The aforementioned high storage density (25,000 sq. ft. per "standard" roll) of film-form sorbents also makes it a practical application for a supply of such material to be stored on oil tankers, floating oil rigs or other potential sources of oil spillage on open water, in association with suitable means for compactly storing and rapidly deploying lengths of the sorbent about or onto the spilling oil to reduce spreading at and near the source, i.e. for preliminary assistance in containment until a conventional boom-type containment system can be put in place.
Alternatively, rows of film-form sorbent could according to the invention be dispensed from suitable payout means installed on a helicopter positioned over forming oil slicks, near such sources of spillage as floating oil rigs, and laid down from above the spill source.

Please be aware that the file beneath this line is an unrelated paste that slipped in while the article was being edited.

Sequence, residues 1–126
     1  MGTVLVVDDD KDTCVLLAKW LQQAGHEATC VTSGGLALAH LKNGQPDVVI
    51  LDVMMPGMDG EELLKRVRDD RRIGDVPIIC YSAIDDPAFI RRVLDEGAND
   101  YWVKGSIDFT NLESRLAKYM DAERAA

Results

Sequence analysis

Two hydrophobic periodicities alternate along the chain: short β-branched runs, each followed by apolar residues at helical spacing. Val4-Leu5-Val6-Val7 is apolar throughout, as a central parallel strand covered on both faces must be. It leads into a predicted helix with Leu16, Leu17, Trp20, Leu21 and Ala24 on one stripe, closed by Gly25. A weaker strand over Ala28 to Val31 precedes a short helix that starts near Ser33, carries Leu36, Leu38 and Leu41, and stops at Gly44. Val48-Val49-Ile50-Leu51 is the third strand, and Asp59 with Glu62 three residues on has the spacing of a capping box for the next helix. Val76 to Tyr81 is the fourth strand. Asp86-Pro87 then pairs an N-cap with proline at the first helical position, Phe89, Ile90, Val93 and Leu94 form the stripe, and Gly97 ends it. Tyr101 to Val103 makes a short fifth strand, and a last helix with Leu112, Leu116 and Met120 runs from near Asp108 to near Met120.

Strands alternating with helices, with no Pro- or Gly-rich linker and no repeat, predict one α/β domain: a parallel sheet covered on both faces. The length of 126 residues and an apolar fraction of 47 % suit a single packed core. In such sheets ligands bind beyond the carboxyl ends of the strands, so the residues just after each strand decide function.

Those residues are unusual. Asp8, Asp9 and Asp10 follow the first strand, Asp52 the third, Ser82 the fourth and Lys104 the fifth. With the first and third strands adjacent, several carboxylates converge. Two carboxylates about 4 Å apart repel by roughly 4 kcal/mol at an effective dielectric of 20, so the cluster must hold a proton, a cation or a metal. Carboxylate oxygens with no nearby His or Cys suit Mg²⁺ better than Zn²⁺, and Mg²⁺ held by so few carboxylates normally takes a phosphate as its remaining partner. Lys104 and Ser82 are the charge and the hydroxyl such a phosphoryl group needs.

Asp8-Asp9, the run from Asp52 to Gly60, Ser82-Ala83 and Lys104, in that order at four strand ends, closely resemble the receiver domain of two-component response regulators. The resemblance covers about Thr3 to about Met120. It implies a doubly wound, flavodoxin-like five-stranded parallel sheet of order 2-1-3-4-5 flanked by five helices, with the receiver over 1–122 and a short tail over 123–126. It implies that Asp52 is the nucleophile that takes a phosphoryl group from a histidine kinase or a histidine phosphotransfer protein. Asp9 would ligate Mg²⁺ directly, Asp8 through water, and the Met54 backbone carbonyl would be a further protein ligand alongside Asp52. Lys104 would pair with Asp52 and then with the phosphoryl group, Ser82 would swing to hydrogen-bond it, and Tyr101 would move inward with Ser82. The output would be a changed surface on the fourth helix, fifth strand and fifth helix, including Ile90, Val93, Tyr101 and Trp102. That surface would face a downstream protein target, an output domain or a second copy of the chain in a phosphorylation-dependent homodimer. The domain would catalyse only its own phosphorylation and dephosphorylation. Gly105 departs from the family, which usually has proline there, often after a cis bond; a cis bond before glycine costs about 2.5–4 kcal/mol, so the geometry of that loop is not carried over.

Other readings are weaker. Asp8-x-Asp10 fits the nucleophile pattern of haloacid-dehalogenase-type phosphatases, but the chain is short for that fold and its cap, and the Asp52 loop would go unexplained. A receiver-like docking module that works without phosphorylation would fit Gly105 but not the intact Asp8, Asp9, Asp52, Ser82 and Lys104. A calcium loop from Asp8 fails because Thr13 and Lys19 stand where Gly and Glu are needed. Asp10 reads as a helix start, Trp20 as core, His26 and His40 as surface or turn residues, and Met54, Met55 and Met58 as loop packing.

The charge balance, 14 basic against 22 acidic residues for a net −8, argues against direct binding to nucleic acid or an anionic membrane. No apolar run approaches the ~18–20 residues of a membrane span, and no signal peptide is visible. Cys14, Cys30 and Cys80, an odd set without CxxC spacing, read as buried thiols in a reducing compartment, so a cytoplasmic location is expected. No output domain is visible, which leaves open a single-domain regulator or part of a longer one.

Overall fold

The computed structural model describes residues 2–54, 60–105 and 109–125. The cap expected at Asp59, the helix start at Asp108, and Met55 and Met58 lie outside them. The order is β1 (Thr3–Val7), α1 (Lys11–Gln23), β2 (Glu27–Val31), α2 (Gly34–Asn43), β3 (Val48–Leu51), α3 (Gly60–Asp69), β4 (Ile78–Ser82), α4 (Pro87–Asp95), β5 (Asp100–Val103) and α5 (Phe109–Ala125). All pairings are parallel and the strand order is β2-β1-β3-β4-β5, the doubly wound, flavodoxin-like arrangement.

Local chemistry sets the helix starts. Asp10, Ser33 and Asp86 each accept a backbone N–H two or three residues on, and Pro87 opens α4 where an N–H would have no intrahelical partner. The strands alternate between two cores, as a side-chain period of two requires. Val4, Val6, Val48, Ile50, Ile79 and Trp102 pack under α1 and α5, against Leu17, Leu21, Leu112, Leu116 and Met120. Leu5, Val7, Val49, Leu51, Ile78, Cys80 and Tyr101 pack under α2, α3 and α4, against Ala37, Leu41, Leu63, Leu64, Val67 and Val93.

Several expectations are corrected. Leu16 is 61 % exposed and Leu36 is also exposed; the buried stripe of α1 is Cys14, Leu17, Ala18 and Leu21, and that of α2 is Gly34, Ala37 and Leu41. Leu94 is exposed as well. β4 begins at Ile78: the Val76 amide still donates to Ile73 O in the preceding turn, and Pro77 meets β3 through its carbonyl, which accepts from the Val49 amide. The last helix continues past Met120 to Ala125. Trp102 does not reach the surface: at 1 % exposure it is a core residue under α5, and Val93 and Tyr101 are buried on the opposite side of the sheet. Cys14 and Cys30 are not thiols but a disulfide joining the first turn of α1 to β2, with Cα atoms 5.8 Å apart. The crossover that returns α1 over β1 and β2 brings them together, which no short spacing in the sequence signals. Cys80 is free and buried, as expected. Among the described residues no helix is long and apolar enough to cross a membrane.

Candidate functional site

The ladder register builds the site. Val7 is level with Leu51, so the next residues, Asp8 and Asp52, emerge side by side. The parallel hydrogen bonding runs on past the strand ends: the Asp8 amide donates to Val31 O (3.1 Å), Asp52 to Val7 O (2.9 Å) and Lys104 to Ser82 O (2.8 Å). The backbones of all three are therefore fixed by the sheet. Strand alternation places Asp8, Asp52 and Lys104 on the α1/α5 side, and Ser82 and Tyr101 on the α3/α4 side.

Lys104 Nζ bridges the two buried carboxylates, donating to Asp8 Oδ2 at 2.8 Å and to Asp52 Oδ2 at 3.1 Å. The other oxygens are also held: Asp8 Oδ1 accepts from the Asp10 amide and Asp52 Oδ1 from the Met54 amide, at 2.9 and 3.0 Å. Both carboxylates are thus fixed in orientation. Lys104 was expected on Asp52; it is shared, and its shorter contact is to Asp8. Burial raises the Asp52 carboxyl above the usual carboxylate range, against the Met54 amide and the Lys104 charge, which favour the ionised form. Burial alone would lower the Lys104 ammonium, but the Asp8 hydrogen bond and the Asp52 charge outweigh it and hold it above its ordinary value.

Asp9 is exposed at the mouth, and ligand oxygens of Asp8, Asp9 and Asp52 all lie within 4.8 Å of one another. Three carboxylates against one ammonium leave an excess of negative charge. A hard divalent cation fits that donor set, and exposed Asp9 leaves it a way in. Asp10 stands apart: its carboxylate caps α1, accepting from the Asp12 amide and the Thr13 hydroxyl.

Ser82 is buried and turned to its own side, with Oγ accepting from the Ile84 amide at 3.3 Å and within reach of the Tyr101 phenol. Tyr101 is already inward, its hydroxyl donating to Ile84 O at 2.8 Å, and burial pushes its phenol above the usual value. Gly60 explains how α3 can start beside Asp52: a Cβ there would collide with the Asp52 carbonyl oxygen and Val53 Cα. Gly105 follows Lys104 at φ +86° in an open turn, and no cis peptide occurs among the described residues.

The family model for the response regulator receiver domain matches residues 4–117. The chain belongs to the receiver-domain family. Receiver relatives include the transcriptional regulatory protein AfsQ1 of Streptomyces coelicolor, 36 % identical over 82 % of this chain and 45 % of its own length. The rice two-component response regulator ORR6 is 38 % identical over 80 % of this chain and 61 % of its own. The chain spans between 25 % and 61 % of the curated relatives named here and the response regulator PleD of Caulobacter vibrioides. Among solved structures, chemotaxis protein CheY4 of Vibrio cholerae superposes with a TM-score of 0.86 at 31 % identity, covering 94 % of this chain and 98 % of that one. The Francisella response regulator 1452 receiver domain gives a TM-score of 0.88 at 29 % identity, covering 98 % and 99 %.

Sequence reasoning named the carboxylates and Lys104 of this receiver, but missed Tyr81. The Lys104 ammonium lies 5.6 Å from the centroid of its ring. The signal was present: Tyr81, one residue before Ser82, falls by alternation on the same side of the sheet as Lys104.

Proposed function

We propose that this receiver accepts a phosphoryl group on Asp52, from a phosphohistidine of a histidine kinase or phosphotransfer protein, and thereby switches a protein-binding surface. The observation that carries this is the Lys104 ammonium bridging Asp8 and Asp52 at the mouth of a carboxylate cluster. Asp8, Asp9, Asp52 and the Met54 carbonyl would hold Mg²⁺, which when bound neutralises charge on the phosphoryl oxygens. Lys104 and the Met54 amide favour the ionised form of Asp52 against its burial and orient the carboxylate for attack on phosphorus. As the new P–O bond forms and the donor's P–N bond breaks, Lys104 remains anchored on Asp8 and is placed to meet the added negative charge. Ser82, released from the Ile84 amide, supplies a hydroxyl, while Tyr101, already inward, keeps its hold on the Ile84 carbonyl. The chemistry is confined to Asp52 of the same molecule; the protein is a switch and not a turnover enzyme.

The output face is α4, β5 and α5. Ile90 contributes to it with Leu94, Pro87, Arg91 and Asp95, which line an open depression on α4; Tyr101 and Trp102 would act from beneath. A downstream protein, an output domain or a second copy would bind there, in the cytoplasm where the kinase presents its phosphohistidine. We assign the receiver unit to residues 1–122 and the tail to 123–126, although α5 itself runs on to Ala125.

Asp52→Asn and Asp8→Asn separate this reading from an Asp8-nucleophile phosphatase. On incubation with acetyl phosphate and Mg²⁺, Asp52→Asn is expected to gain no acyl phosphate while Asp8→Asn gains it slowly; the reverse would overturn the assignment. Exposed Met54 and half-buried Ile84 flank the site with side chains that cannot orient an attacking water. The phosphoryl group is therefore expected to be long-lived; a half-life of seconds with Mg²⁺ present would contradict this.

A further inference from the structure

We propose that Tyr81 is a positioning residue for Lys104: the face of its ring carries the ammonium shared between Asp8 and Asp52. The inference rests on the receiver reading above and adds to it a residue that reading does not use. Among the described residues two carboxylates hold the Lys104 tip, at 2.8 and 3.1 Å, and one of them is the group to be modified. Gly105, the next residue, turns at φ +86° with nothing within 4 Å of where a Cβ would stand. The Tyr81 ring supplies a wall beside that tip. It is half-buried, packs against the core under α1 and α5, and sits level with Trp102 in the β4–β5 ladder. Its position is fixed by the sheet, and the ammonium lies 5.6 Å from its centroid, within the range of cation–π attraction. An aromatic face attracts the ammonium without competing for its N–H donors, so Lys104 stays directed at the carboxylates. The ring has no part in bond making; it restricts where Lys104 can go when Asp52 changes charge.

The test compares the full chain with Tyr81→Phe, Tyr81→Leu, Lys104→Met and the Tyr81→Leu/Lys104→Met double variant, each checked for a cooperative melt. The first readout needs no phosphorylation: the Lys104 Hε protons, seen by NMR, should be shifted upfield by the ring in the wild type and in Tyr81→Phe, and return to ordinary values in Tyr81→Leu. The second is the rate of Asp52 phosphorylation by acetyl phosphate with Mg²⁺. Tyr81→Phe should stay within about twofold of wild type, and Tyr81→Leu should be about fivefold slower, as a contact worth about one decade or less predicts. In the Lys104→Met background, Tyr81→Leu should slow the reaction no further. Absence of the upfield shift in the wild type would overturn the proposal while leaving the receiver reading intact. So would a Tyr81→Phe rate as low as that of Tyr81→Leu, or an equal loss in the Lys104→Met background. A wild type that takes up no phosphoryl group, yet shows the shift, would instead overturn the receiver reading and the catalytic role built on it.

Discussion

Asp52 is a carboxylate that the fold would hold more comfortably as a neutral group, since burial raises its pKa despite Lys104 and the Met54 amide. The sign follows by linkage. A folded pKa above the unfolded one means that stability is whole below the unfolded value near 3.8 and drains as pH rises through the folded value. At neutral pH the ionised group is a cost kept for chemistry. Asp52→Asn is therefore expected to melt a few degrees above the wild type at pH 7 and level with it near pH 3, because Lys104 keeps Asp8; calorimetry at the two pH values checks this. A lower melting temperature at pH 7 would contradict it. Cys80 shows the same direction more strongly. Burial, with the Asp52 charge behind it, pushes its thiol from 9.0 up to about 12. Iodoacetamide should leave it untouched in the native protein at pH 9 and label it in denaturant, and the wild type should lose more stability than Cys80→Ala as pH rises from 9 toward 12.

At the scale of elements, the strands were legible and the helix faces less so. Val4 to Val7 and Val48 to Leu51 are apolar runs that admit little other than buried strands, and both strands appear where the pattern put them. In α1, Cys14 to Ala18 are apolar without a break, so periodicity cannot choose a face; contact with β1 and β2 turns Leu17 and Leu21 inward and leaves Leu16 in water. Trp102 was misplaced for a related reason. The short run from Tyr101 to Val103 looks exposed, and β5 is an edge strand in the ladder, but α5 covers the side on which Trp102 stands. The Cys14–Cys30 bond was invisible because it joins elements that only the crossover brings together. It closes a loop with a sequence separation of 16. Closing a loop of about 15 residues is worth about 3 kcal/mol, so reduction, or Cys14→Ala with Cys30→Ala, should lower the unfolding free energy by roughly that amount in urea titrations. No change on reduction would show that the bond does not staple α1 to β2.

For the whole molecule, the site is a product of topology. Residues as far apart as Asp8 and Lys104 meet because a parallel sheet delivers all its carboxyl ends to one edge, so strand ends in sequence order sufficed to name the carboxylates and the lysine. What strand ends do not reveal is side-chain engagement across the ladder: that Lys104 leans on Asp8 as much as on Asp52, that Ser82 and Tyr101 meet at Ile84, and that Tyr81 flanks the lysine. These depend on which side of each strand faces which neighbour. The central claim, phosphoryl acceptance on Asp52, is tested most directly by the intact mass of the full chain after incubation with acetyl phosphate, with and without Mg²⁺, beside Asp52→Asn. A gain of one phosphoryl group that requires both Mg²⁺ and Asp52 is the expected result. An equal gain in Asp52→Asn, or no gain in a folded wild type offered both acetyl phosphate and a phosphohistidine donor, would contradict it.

It will be appreciated by those of ordinary skill in the art that any of a number of thin sheet-like sorbent materials having oleophilic and hydrophobic properties could be used to take advantage of the large value of m0 /ms characterizing such materials. Examples S1 to S3 relate to films of oleophilic polymers such as polyethylene having a density less than that of water, to float on the surface of the oil-contaminated water. Other potential variations and their applications contemplated are as follows:
Paper treated on one side to have an oleophilic and hydrophobic upper surface could be used as a sorption substrate by application, for example, to a beach surface threatened with an approaching oil spill, with its oleophilic, hydrophobic surface facing upwardly and the hydrophillic paper surface at the bottom. The paper will then tend to absorb water in use when the substrate is exposed to oil-contaminated water washing onto shore, and the added weight of the substrate by absorption of water will tend to hold the sorbent in place during adsorption of oil by the oleophilic upper surface.